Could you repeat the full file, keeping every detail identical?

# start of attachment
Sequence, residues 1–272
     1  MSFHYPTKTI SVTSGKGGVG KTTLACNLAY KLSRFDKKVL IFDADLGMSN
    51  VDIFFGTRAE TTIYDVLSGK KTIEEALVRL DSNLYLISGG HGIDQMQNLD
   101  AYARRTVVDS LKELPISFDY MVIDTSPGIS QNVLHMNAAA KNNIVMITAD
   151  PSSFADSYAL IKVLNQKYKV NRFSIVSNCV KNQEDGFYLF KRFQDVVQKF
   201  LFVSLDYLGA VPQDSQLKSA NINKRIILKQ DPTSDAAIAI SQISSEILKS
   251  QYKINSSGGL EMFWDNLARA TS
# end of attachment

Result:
Sequence, residues 1–272
     1  MSFHYPTKTI SVTSGKGGVG KTTLACNLAY KLSRFDKKVL IFDADLGMSN
    51  VDIFFGTRAE TTIYDVLSGK KTIEEALVRL DSNLYLISGG HGIDQMQNLD
   101  AYARRTVVDS LKELPISFDY MVIDTSPGIS QNVLHMNAAA KNNIVMITAD
   151  PSSFADSYAL IKVLNQKYKV NRFSIVSNCV KNQEDGFYLF KRFQDVVQKF
   201  LFVSLDYLGA VPQDSQLKSA NINKRIILKQ DPTSDAAIAI SQISSEILKS
   251  QYKINSSGGL EMFWDNLARA TS